This is a post about “maturity” and part of a synchroblog. For a list of those involved with the synchroblog, check at the end of the post.
In the light of the recent Todd Bentley event (for those of you who don’t know, Todd Bentley has apparently separated with his wife, stepped down from the Florida revival thingie, and was apparently ’emotionally involved’ with another woman of his staff) I thought that maturity was an apt topic to write about.
Some of you might not know who Todd Bentley is, which is fine. You can google him or see him at YouTube. Todd Bentley is a guy who does healing, and – although some would say that not all of his healings have been validated – it seems to me that there is a great deal of genuine healing going around his ministry.
Where the problem comes in is that Bentley seems to have lacked some of the intrinsic character needs that are (so often) lacking in the healing ministry. My post isn’t to show, so much, that this is Bentley’s fault but more to say that those around Bentley (including some well known guys such as Rick Joyner) seemed to have been in such a rush for revival that they were happy with Bentley doing his thing despite their own knowledge of some character issues that needed to be ironed out.
Generally, the church (I mean the people, not some institution) seems to be in such a rush to do ministry that we lose the basics of character, rather employing an attitude of needing results NOW before laying the necessary foundations that take TIME. I’m in no doubt that Bentley does possess the gift of healing (even if it is not as prolific as all the marketing around him made it out to be) and in a rush to get everyone healed we now sit in a situation where the ministry that did take place looses momentum and, more sadly, has now once again lost a lot of credence. Many people are now more skeptical over healing, when they were previously in a place where they might have just accepted God’s healing as something that He really does. I’m one of them, having lost a great deal of faith in God’s will to heal because so many of the healing cases are coming up as moot.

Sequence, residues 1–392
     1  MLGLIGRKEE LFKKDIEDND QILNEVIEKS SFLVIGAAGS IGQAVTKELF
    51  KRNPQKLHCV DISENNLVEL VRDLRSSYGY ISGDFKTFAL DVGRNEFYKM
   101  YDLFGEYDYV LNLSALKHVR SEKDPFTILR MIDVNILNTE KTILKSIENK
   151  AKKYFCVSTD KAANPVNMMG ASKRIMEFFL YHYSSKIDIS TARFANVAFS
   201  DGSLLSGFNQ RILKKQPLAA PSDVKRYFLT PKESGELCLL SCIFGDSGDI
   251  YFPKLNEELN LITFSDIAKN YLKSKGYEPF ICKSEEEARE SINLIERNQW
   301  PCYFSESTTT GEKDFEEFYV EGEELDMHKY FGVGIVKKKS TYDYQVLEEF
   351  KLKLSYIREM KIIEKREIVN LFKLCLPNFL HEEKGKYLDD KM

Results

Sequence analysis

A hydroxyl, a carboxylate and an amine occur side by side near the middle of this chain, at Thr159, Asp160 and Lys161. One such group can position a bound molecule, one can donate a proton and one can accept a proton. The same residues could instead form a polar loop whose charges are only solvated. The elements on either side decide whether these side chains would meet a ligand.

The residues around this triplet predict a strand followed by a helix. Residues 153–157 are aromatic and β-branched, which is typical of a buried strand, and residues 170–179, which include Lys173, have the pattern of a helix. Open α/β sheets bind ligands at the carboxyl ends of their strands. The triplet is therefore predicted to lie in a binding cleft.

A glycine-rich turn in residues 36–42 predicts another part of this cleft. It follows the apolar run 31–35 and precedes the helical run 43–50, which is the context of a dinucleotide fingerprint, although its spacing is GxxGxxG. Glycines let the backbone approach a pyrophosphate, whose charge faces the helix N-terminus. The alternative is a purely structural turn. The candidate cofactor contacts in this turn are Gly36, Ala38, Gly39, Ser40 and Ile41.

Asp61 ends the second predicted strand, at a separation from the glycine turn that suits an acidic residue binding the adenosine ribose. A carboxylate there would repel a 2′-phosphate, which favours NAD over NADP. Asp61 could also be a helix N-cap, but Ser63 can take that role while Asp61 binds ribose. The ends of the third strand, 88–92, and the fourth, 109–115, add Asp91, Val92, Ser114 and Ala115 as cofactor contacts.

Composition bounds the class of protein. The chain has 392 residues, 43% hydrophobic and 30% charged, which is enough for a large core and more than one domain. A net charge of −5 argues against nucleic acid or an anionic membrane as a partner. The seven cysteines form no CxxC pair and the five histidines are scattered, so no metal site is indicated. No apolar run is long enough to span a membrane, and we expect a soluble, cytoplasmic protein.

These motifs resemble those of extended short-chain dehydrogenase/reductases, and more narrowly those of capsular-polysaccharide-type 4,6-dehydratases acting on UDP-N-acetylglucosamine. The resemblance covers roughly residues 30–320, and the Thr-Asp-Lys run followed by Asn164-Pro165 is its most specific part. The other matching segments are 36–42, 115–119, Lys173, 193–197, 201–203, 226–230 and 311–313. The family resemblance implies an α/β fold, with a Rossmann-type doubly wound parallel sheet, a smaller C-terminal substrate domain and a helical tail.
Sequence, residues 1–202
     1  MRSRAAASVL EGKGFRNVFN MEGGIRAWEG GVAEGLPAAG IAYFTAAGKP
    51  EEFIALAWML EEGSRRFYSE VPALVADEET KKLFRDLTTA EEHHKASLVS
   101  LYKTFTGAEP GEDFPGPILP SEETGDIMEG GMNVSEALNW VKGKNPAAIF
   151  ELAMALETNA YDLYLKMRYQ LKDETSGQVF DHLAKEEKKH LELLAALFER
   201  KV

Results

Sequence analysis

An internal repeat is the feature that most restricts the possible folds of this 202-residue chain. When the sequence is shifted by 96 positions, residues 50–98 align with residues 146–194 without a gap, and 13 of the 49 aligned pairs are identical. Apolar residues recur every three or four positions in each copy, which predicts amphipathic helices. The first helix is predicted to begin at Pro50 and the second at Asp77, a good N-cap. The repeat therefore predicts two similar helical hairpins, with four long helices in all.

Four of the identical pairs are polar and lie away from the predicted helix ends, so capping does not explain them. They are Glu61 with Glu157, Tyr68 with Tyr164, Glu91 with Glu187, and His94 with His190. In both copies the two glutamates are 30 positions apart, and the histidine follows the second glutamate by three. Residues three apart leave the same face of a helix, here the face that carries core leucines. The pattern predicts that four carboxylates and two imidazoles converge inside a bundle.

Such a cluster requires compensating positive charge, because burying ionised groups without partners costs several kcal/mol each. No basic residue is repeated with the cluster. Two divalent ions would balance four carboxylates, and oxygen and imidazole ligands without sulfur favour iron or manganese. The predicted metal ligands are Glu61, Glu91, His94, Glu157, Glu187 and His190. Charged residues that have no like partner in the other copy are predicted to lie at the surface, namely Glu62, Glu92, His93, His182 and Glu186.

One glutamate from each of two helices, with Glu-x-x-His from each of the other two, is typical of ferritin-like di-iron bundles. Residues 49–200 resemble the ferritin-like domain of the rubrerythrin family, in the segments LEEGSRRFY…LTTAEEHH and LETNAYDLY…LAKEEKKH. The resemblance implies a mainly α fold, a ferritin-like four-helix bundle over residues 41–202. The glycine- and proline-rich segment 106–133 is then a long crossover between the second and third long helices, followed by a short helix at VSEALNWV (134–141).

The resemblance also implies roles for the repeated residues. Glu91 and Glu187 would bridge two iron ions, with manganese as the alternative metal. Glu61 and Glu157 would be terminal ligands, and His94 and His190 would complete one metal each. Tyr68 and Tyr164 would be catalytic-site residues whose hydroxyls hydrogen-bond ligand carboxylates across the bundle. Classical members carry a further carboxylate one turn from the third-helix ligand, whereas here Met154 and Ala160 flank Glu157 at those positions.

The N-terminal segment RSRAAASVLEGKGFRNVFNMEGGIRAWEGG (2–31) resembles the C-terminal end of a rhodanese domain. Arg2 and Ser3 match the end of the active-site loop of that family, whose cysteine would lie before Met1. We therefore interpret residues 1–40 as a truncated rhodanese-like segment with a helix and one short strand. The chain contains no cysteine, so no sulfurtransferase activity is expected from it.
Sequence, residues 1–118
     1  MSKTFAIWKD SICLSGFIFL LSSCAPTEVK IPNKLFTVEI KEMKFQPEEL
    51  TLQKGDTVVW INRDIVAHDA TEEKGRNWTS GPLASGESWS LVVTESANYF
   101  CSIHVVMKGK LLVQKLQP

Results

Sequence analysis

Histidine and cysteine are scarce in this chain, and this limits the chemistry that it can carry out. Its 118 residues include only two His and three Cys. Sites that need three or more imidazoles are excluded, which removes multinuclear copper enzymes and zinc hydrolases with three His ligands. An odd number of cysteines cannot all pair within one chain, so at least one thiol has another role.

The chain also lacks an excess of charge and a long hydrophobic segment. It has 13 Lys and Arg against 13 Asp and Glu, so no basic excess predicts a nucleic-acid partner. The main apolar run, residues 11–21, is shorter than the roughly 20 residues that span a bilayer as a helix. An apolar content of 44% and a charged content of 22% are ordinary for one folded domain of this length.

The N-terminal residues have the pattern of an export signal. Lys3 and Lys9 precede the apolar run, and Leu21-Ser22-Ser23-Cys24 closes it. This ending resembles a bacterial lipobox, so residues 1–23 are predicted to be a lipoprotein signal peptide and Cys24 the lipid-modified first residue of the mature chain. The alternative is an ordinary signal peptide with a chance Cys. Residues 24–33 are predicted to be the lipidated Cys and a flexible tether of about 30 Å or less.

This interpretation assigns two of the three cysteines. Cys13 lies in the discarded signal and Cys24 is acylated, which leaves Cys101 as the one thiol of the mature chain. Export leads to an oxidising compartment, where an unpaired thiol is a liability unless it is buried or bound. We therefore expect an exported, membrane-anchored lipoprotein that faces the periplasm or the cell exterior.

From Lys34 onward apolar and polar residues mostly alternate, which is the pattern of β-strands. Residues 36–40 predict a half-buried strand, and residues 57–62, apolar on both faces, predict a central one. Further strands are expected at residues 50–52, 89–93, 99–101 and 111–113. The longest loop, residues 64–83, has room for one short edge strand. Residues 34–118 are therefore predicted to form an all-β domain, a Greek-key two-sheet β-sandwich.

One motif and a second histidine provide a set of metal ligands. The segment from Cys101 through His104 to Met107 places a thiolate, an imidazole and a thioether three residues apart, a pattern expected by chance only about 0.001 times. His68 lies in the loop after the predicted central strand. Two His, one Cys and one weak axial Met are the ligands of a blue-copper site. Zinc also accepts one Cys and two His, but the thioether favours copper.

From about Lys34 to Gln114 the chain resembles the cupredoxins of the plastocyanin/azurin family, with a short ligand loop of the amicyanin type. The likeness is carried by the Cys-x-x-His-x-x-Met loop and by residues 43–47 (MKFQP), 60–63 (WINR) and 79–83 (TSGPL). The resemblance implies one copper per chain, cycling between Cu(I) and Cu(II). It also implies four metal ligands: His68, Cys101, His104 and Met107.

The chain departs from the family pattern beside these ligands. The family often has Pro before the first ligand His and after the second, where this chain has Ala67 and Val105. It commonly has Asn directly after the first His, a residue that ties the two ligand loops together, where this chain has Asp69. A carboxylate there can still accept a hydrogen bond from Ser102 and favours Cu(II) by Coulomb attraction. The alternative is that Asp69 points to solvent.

Jesus didn’t seem to be in such a rush, having only started his ministry at 30 and at a party told his mom that his time had ‘not yet come’. He still performs the miracle, but it doesn’t seem that he would have done it had he not been asked by his mom (who he obviously loved).
If a man possesses a great healing (or any) anointing that could touch thousands of lives, but lacks maturity in Christ and has some character problems, should we still launch him out into ministry because of the fact that the gospel will be told and many will be touched? It seems to me that, more and more, the answer is no. ESPECIALLY if the guy/gal’s ministry is going to be so public (but, in Todd Bentley’s case, we could also argue that the relentless MARKETING that went behind the ministry is completely unhelpful and has no real place in the church or in ministry). It seems that Jesus was in no rush to begin his ministry – he waited when God had sent Him, despite Him knowing something of what God intended for Him to do. He asked His disciples to do the same – telling them to WAIT in Jerusalem until power fell from on high.
Maturity is paramount in ministry, and true ministry requires it. Otherwise, sooner or later, the ministry can fall because it is not built on a strong foundation but is built on sand. The foundation is relationship with Christ, and this is a foundation that takes years to build. It seems, to me, that God is interested in quality first, and isn’t in a rush to refine us like gold until we are exactly right to do our ministry in its fullness. Don’t get me wrong, there are some things we should be doing from day 1 of our walk with Christ (like, friendship evangelism for instance) but we require maturity before we start leading churches, and it seems to me that most of the church is impatient and want to lead a church before they have any form of real, lasting, solid, refined maturity and relationship (and, relationship(s) with others!).
Those who have contributed to this synchroblog are :
Ryan Peter is a writer, journalist and ghostwriter from Johannesburg, South Africa. He writes fantasy, sci-fi, inspirational fiction, and on faith. Ryan is also part of the New Covenant Ministries International (NCMI) translocal team.